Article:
Instead, the over-arching story of the last quarter of a century of race car development has been one of ruthless optimisation of a basic concept that, by 1985, had just about been settled upon. And to get an idea of just how successful this has been, look at the pole times at Monaco - the only circuit in use in 1985 which is still in use today, substantially unaltered (though the walls have gotten a touch further away). In 1985, Ayrton Senna stuck his Lotus Renault on pole with a 1.20.450. Earlier this year, Mark Webber claimed the top spot for Red Bull (also Renault powered, as it happens) with a 1.13.826. Nearly 7 seconds faster. And remember, that this leap forward has come in spite of restrictions on wing size, the imposition of control tyres, rev-limited engines that must last 2-3 complete Grands Prix and a slightly raised minimum weight limit. A senior engineer interviewed for Motorsport Magazine a couple of years back reckoned that, with today's knowledge, a car built to 1985 rules would be limited mainly by the ability of its driver to remain conscious through the quicker corners given the G-loadings that it would be possible to generate. The FIA's ever more restrictive rulebook has been, at least in part, a necessary response to the advances of designers and engineers, ensuring a degree of sanity is retained.

The really big story of the last quarter of a century of F1 car design has been the phenomenal improvements made in the understanding of how to generate aerodynamic downforce. While an F1 car of 2010 might have the same basic shape as its 1985 predecessor, it is a much more intricately sculpted machine - its form dictated by the cumulative knowledge generated by hundreds of thousands of man hours of some of the most talented aerodynamicists in the world. The increased use of first wind-tunnels, and later, computer simulations of wind tunnels, to refine the flow of the air over the car, making that airflow press the car down onto the ground, has led cornering speeds to spiral far beyond that ever seen during the 'ground effect' era of the early 1980s. And the sheer number of people involved in the design of a car has mushroomed since the days when a car could meaningfully be said to be the work of a single designer - something which was, just about, sort of, still the case in the mid 1980s.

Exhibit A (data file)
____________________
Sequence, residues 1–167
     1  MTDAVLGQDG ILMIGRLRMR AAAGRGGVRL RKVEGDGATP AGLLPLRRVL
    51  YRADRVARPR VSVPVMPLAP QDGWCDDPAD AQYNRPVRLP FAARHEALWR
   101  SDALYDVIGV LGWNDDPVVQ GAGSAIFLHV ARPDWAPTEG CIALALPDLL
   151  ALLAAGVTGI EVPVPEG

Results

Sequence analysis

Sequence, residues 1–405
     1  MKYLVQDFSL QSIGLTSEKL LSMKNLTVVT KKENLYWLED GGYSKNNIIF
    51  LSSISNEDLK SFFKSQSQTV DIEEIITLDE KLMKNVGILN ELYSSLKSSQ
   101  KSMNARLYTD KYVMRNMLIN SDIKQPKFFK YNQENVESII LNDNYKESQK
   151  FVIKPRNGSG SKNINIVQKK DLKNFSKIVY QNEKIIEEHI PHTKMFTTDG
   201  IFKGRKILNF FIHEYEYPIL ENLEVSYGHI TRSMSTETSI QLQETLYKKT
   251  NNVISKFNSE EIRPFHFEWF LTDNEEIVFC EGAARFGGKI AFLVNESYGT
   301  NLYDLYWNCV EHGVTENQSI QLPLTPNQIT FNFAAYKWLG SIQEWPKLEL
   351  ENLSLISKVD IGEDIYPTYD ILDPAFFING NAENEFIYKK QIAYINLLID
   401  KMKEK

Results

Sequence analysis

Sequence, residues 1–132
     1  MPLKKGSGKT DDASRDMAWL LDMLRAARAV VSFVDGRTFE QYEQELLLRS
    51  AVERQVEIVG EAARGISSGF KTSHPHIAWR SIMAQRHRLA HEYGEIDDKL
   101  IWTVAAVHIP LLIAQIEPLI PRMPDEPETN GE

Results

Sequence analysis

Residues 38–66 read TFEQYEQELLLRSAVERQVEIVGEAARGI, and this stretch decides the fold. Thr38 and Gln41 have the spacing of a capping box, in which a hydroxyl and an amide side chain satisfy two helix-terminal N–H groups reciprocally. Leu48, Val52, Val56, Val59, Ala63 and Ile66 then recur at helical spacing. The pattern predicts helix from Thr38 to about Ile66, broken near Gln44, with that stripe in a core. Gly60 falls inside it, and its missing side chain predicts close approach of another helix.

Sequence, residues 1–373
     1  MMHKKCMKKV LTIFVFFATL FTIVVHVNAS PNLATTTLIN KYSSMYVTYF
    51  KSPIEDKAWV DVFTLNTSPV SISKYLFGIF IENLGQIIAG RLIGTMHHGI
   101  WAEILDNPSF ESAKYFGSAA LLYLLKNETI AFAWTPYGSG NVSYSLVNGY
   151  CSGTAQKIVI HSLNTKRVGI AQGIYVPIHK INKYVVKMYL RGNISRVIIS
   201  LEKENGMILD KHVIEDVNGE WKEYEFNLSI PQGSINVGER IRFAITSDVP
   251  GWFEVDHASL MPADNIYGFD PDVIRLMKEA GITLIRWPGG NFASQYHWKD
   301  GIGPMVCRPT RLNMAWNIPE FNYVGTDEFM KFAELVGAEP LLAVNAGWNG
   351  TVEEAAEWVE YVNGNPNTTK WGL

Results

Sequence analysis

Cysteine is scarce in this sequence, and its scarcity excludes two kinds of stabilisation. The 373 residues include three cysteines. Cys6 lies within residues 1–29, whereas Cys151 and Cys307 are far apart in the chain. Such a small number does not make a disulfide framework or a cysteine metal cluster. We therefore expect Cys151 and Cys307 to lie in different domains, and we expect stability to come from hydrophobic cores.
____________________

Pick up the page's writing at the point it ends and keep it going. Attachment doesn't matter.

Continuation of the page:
There was a time, after all, when taking Eau Rouge flat in qualifying was a mark of supreme confidence. Now, in a good car, it's flat in the rain, and in the dry, it's barely more than a kink in the road. Other technological advances - not least the evolution of data logging and telemetry equipment to give teams far more objective information about what the car is actually doing on the circuit than could ever be provided by the subjective impressions of even the most technically astute racing driver, have all helped to drive this incremental improvement forward at a truly impressive rate.

But what of the next 25 years? Assuming I'm still around to see them, what will Grand Prix cars look like by the time I near my 7th decade? Perhaps the story will be the same - an onward march of small, iterative improvements to a basic design which had been settled while I was still in primary school. Maybe... But there are reasons to think that might not be the case. For one thing, how plausible is it that the racing car of 2035 will still be running on fossil fuels? And if it is not, what kinds of technological breakthrough might we see in engine technology over the next decade and a half. It could be an interesting ride...

Labels: , ,


Post a Comment

<< Home